Martinsburg plan annexation of 740 acres

April 12, 2000|By ANDREW SCHOTZ

MARTINSBURG, W.Va. - The City of Martinsburg would get about 28 percent bigger under a planned annexation that would accommodate a large water system expansion.

City Manager Mark Baldwin said about 14 undeveloped parcels, a total of 740 acres, would be added to the city from the west side of Interstate 81, between exits 12 and 13.

The city expects to build a 1.5-million-gallon storage tank and install 12-inch pipes parallel to the interstate to serve an area that does not have public water, he said.

All of the landowners have agreed to the plan, aware of the increased opportunities for development, Baldwin said. A mix of residential and commercial growth is likely, he said.


"It markets our city as a place to be," he said.

The Berkeley County Board of Education entered into a purchase option in March for an undisclosed piece of land west of I-81. The district is considering building an intermediate school there.

The City Council is expected to discuss a resolution on the annexation when it meets on Thursday.

Baldwin would not name the landowners, who initiated the proceedings by turning in a petition to be annexed, he said.

The Berkeley County Commission must hold a public hearing on the annexation. Baldwin said that might occur in mid-May.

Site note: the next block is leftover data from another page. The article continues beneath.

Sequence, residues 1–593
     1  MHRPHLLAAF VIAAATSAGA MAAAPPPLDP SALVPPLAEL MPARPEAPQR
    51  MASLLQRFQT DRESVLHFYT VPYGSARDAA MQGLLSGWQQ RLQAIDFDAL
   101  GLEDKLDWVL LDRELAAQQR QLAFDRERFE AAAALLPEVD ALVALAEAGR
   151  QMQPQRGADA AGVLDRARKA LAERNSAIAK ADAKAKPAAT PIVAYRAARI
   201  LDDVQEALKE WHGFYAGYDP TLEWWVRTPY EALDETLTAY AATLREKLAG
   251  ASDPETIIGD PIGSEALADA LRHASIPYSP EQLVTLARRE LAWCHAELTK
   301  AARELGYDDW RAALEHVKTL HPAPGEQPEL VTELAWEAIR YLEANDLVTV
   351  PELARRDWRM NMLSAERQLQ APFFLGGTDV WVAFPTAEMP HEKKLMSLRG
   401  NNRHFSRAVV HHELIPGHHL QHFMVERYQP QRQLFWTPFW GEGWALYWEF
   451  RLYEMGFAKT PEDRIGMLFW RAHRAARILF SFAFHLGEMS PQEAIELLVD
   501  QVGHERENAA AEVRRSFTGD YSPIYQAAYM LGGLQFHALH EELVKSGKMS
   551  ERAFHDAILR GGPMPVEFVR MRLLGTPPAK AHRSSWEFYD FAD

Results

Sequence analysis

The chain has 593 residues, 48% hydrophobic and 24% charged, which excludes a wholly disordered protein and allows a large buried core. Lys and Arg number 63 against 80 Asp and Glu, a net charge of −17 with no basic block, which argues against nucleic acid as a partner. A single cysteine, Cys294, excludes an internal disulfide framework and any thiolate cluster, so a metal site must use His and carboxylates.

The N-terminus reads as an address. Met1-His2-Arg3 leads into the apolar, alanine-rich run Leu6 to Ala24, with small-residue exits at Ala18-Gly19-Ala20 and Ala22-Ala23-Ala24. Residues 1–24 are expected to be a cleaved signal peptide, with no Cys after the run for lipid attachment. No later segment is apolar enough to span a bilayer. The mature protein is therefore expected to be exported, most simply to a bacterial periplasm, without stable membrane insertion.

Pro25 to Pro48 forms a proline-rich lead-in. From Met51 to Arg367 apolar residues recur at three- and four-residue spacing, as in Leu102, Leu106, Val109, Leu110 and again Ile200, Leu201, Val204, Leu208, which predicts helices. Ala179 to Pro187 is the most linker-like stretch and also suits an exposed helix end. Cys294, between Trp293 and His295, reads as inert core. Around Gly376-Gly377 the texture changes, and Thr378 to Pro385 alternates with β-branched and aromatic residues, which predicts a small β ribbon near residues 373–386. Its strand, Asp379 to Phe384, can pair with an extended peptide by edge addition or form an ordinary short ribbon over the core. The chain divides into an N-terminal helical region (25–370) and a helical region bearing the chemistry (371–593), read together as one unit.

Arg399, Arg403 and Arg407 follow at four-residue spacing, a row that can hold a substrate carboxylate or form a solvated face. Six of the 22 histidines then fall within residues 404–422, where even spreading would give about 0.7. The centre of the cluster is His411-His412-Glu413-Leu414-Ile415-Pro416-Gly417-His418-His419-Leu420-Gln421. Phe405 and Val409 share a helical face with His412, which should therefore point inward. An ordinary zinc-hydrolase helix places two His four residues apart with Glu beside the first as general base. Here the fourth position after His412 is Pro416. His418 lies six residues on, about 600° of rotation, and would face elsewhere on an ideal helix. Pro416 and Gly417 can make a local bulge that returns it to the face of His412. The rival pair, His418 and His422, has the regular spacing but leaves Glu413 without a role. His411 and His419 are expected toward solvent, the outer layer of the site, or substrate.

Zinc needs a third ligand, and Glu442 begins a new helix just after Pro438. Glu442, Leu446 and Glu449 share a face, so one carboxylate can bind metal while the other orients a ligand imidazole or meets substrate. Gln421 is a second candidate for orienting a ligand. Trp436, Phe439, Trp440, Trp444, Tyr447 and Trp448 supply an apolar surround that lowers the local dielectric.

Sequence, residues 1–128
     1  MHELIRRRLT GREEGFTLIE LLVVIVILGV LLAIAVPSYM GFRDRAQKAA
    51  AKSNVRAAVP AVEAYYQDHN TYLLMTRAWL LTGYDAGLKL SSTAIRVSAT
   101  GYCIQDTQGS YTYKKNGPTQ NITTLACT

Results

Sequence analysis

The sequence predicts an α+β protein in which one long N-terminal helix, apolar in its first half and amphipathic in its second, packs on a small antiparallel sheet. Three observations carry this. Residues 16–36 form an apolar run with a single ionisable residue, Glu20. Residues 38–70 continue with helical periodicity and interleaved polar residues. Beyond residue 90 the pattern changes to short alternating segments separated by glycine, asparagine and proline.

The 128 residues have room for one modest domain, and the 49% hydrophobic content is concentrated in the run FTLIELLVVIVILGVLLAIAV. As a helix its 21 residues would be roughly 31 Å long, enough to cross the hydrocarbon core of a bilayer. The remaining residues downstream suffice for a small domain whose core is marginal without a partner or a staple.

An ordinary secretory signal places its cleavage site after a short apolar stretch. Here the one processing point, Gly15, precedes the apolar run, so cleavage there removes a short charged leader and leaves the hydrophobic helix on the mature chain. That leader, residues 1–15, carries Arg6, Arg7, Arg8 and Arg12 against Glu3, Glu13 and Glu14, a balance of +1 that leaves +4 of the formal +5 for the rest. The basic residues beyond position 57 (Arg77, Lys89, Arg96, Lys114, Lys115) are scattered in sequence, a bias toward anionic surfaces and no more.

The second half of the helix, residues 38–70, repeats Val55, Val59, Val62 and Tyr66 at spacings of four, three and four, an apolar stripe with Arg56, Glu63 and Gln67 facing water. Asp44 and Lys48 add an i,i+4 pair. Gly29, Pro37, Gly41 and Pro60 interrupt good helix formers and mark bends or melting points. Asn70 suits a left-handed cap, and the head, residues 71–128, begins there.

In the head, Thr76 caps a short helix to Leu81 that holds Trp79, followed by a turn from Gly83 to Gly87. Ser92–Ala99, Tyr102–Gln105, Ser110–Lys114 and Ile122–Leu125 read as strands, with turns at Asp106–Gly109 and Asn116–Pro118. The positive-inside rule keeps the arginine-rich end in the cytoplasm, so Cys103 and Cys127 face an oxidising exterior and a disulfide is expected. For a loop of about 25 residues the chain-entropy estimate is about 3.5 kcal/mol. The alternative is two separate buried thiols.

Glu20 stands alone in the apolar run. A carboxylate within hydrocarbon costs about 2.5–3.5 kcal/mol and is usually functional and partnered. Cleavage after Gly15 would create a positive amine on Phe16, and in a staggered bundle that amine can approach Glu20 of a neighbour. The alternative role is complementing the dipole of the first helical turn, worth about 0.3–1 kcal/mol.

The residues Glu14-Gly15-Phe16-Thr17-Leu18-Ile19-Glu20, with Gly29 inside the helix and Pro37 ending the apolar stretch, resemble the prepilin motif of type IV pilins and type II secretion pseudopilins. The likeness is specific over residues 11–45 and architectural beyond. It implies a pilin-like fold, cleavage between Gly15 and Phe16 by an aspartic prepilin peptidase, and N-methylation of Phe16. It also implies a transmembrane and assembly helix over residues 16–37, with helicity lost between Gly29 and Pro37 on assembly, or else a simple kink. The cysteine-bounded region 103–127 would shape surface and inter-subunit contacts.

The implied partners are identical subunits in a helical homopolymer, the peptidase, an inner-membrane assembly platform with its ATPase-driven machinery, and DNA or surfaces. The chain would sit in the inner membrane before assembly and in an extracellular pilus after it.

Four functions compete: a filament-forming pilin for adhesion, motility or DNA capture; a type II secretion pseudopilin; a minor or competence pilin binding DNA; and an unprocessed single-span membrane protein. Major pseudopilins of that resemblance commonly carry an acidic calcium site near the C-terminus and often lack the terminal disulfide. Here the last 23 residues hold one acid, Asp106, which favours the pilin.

The anticipated water line extension is part of an $18.1 million water system project that's a combined effort of the city, the Berkeley County Public Service District and the Hedgesville Public Service District, according to Baldwin. It is being financed by loans.

The bulk of the project, or about $15 million, is the city's. Two filtration plants are planned. One is at Baltimore and Williams streets and will have the capacity for 2 million gallons a day, and the other - the Big Springs plant off U.S. 11 north - will have the capacity for 4 million gallons a day, Baldwin said.

The filtration plant construction will probably go out to bid next week. The city hopes to secure financing by June, according to Baldwin.

He added that funding for the storage tank and mains may be secured by December.

Baldwin said the project could have been kept within the existing city limits and started a year ago, but the mayor and City Council were "patient" and decided on a better plan.

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